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Part III.

The Romans had long experienced the daring valor of the people of Lower Germany. The union of their strength threatened Gaul with a more formidable invasion, and required the presence of Gallienus, the heir and colleague of Imperial power. 75 Whilst that prince, and his infant son Salonius, displayed, in the court of Treves, the majesty of the empire its armies were ably conducted by their general, Posthumus, who, though he afterwards betrayed the family of Valerian, was ever faithful to the great interests of the monarchy. The treacherous language of panegyrics and medals darkly announces a long series of victories. Trophies and titles attest (if such evidence can attest) the fame of Posthumus, who is repeatedly styled the Conqueror of the Germans, and the Savior of Gaul. 76
Footnote 75: Zosimus, l. i. p. 27.
Footnote 76: M. de Brequigny (in the Memoires de l'Academie, tom. xxx.) has given us a very curious life of Posthumus. A series of the Augustan History from Medals and Inscriptions has been more than once planned, and is still much wanted.
But a single fact, the only one indeed of which we have any distinct knowledge, erases, in a great measure, these monuments of vanity and adulation. The Rhine, though dignified with the title of Safeguard of the provinces, was an imperfect barrier against the daring spirit of enterprise with which the Franks were actuated. Their rapid devastation stretched from the river to the foot of the Pyrenees; nor were they stopped by those mountains.Spain, which had never dreaded, was unable to resist, the inroads of the Germans. During twelve years, the greatest part of the reign of Gallienus, that opulent country was the theatre of unequal and destructive hostilities. Tarragona, the flourishing capital of a peaceful province, was sacked and almost destroyed; 77 and so late as the days of Orosius, who wrote in the fifth century, wretched cottages, scattered amidst the ruins of magnificent cities, still recorded the rage of the barbarians. 78 When the exhausted country no longer supplied a variety of plunder, the Franks seized on some vessels in the ports of Spain, 79 and transported themselves into Mauritania. The distant province was astonished with the fury of these barbarians, who seemed to fall from a new world, as their name, manners, and complexion, were equally unknown on the coast of Africa. 80
Footnote 77: Aurel. Victor, c. 33. Instead of Poene direpto, both the sense and the expression require deleto; though indeed, for different reasons, it is alike difficult to correct the text of the best, and of the worst, writers.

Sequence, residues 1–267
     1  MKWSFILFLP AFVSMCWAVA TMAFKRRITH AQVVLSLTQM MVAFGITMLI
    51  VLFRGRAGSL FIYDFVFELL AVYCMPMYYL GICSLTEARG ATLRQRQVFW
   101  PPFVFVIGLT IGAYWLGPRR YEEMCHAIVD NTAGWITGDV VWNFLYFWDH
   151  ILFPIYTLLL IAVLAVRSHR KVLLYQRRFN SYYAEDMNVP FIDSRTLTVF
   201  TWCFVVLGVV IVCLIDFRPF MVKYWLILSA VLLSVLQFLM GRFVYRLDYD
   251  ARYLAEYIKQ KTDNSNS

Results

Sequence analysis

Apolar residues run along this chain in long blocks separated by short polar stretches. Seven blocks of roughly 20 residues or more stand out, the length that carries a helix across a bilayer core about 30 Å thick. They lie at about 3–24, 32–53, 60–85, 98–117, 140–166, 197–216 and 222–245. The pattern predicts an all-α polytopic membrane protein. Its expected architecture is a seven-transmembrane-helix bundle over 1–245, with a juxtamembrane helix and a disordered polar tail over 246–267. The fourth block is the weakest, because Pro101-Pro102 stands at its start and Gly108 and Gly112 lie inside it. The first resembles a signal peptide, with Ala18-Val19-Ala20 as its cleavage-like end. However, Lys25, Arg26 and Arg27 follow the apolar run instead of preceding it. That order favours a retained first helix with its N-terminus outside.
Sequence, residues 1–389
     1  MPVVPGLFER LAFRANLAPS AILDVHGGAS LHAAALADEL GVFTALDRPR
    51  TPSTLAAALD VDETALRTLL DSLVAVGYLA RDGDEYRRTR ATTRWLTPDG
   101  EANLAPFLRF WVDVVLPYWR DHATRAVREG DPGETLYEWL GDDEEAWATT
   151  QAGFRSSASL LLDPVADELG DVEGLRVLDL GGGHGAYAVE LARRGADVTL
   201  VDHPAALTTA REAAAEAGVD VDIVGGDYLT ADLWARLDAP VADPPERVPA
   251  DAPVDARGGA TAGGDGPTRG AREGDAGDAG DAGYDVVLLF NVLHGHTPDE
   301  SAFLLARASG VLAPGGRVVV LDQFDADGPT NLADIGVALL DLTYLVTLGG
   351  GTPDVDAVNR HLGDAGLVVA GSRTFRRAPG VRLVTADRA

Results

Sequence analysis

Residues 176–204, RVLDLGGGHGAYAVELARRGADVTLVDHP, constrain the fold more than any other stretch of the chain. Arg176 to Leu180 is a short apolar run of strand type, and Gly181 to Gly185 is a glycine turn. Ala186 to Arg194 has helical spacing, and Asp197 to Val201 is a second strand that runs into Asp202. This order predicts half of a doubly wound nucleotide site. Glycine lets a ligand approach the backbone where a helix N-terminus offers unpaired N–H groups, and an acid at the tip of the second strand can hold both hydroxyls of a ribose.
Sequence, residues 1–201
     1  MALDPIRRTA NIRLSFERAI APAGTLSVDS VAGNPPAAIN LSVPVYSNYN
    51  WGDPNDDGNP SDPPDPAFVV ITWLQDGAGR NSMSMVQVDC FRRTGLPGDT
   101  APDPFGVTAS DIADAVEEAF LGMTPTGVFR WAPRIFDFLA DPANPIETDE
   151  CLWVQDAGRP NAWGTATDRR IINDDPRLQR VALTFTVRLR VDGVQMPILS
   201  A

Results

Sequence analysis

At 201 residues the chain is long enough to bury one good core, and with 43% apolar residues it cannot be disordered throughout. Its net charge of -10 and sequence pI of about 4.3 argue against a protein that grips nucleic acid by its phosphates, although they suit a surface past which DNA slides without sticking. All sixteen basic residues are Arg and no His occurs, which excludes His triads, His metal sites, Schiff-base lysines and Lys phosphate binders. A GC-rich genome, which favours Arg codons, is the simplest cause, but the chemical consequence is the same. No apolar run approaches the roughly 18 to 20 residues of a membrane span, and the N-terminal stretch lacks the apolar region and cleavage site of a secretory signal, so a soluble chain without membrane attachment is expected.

Footnote 78: In the time of Ausonius (the end of the fourth century) Ilerda or Lerida was in a very ruinous state, (Auson. Epist. xxv. 58,) which probably was the consequence of this invasion.
Footnote 79: Valesius is therefore mistaken in supposing that the Franks had invaded Spain by sea.
Footnote 80: Aurel. Victor. Eutrop. ix. 6.
II. In that part of Upper Saxony, beyond the Elbe, which is at present called the Marquisate of Lusace, there existed, in ancient times, a sacred wood, the awful seat of the superstition of the Suevi. None were permitted to enter the holy precincts, without confessing, by their servile bonds and suppliant posture, the immediate presence of the sovereign Deity. 81 Patriotism contributed, as well as devotion, to consecrate the Sonnenwald, or wood of the Semnones. 82 It was universally believed, that the nation had received its first existence on that sacred spot. At stated periods, the numerous tribes who gloried in the Suevic blood, resorted thither by their ambassadors; and the memory of their common extraction was perpetrated by barbaric rites and human sacrifice. The wide-extended name of Suevi filled the interior countries of Germany, from the banks of the Oder to those of the Danube. They were distinguished from the other Germans by their peculiar mode of dressing their long hair, which they gathered into a rude knot on the crown of the head; and they delighted in an ornament that showed their ranks more lofty and terrible in the eyes of the enemy. 83 Jealous as the Germans were of military renown, they all confessed the superior valor of the Suevi; and the tribes of the Usipetes and Tencteri, who, with a vast army, encountered the dictator Caesar, declared that they esteemed it not a disgrace to have fled before a people to whose arms the immortal gods themselves were unequal. 84